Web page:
“We tend to forget that happiness doesn’t come as a result of getting something we don’t have, but rather of recognizing and appreciating what we do have.” ~ Frederick Keonig
"I need this."
My thoughts last week, as I looked for a new bike.
"I’m competing in two triathlons. I want a nice bike!"
July will bring two triathlons in which I’ll compete. It sure seemed like a nice shiny new bike would be just the ticket to success.
Old Hat, New Hat
Growing up, a favorite book of mine was Old Hat New Hat, by Jan and Stan Berenstain. For those not familiar with the book, it’s about a bear who has this old beat up hat. And he thinks it’s time for a new one. So he visits the hat store (do they still have those?) in search of that perfect hat. And he tries on many different hats, hats of all different shapes and styles. And then he sees his hat – the beat up old hat he’s had. And he puts that back on, and it fits just right. Out he goes, no new hat. Just the hat he came in with.
Back to that bike…
So, I tried out several bikes. Oh, they all looked really nice! And there weren’t any scratches on them. All of the latest "technology" there. The first one, though, was difficult to shift. The second one was uncomfortable to ride. The third one, to it’s credit, all felt good. Although I didn’t feel like I was going faster. Was it worth the cost? It sure looked pretty…
How often do we get pulled into something by the superficial?
Ever wanted to go out on a date with the hottest girl or guy you knew? Maybe dreamed about it?
Ever wanted that new car, the one fresh off the lot, sweet paint job, the one you’d look really good in?
Ever wanted that new pair of shoes, they’d look perfect on "you"?
Ever wanted that new "hat", when the "hat" you have is one you really like already?
Think about that for a minute.
Why do we buy the things we do? You. Me. Everyone.
That’s all okay. Some things we need (like food, or transportation). Some things we want (like that new digital camera).
Do we tie our happiness to these "things" in our life, though? Will I be happier when…
- I have the newest car in the neighborhood
- People’s heads turn when I walk by because of the body I’ve "bought"
- I arrive at my class reunion in the latest designer clothes and impress everyone
- Everyone runs over to see the latest "toy" I’ve bought
In short, when our self-worth is tied to materialistic items (and who hasn’t at some point in their life done this?), this isn’t going to bring about true and lasting joy in our lives. That true happiness, the "real" joy – that comes from within. From connecting with our inner beings. And that isn’t the flashiest pair of sunglasses, or a dinner date at the hippest restaurant in town. Not if that’s to provide some immediate joy as we show off our new shades, or dine with the movers and the shakers. It won’t last, these moments of joy. Not if that is the end all to our happiness. Now, if that same dinner out is to also experience the ambiance and to enjoy some deliciously wonderful food in the company of someone we care deeply about, then this experience is very much a spoke in keeping that wheel of happiness within our lives spinning. The meaning behind these purchases matters.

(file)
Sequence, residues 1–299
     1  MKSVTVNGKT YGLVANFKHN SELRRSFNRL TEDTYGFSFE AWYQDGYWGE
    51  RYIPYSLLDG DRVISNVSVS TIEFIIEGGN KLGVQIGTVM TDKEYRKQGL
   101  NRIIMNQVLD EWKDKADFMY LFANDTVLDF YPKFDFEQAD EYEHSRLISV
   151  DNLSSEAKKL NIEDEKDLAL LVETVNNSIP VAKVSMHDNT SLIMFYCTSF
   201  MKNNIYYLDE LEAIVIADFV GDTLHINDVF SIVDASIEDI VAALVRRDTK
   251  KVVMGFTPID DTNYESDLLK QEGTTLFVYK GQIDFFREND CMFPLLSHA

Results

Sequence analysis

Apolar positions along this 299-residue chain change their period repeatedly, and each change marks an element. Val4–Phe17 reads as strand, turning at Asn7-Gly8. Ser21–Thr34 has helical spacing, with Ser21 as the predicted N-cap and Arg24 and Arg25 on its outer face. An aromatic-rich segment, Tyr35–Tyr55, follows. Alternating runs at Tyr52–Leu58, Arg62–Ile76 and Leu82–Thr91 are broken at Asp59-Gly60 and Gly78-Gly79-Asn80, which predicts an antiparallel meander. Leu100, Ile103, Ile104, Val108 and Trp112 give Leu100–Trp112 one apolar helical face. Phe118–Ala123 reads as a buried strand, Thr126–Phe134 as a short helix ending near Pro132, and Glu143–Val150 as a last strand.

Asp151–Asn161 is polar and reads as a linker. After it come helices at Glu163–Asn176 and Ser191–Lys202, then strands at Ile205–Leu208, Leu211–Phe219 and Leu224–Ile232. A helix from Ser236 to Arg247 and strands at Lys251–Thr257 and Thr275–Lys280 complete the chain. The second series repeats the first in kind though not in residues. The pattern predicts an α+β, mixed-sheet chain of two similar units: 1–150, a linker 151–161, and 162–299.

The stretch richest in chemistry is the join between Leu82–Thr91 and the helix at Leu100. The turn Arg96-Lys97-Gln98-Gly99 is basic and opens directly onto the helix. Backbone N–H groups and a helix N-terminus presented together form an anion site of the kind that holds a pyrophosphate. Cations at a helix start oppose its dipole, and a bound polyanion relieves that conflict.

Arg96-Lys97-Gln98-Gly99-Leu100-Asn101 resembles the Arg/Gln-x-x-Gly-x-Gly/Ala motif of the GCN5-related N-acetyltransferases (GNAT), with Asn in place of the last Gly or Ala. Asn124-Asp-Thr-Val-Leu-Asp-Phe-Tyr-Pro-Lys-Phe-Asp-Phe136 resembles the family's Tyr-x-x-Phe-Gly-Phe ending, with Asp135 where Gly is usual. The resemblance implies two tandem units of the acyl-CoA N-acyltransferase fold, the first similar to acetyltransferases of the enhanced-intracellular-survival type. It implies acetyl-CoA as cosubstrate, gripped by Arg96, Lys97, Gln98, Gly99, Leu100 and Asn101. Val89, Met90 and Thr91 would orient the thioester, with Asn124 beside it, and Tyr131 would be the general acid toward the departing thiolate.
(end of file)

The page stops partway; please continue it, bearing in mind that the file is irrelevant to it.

Back to the bike once more…
I left the bike store…torn. And then I came home. And rode my "old" bike. And as I rode it, I thought to myself that this was a comfortable ride, that it goes pretty fast, that the gear installed on it is top-notch, and that it really is a great bike.
I kept the "old hat"…
In no way does this mean that "new" is a bad choice. In my case, where I’m at, and with what I already have – at this time it was really the more superficial I was looking at.
So Where Does That Leave Us?
"Possessions are usually diminished by possession." ~ Friedrich Nietzsche
The next time you’re going out to buy something, ask yourself "why".
Why are you buying this thing?
And if there’s no good reason other than you will superficially feel "good", then it’s probably time to put that something down, and really spend some quality time with yourself. Away from the distractions of life. Away from the "noise" you’re normally surrounded by. Away from the hustle and bustle of daily living.
Get away and get connected. To "you".
And away doesn’t have to be a physical location away from where you are (although it can be). It can be as simple as setting aside some time every day (or maybe a couple of times a week) where you focus on "you".
True happiness is there…
We just have to find it sometimes, buried amongst all the piles of other things that clutter our lives.